|The Triumph of Sherlock Holmes|
|Directed by||Leslie S. Hiscott|
|Based on||Valley of Fear|
by Arthur Conan Doyle
|Produced by||Julius Hagen (producer)|
|Music by||W.L. Trytel|
The Triumph of Sherlock Holmes is a 1935 British mystery film directed by Leslie S. Hiscott and starring Arthur Wontner. It was based on the 1915 Sherlock Holmes novel The Valley of Fear by Arthur Conan Doyle.
It is the fourth film in the 1931–1937 film series starring Wontner as Sherlock Holmes.
Sherlock Holmes and Dr. Watson come out of retirement to investigate a mysterious murder. They find that an American criminal organisation called The Scowrers has asked evil mastermind Professor Moriarty to wreak vengeance on John Douglas, the informant who sent them to prison. Holmes outsmarts Moriarty, solves the murder and brings Moriarty to justice.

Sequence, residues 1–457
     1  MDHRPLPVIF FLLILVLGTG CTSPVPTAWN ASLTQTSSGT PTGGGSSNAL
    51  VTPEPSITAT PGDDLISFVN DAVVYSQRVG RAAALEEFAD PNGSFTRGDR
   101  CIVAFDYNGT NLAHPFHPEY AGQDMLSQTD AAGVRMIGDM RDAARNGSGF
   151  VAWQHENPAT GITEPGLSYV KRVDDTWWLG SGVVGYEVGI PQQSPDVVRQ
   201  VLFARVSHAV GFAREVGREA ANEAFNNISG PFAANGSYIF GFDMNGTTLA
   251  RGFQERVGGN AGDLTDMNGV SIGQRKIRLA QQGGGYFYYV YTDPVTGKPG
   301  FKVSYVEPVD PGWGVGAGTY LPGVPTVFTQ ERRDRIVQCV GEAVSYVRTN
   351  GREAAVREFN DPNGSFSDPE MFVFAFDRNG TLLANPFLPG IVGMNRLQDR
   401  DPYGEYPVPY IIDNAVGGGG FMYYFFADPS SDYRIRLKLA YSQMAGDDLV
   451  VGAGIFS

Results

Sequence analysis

Like all the films featuring Wontner as Holmes, this one has a contemporary 1930s setting, making the flashback sequence pitting undercover detective Douglas against the Scowrers somewhat problematical since, historically, the real-life incident on which this sequence is based, Pinkerton operative James McParland's infiltration of the Molly Maguires, occurred in the 1870s, a full half-century earlier.
The New York Times wrote, "a mellow, evenly paced British film that renders to Holmes what Sir Arthur Conan Doyle would have rendered to him: Interest, respect and affection...Mr. Wontner decorates a calabash pipe with commendable skill, contributing a splendid portrait of fiction's first detective. Lyn Harding is capital as Moriarty and Roy Emerton, Leslie Perrins, Ian Fleming and Michael Shepley perform competently."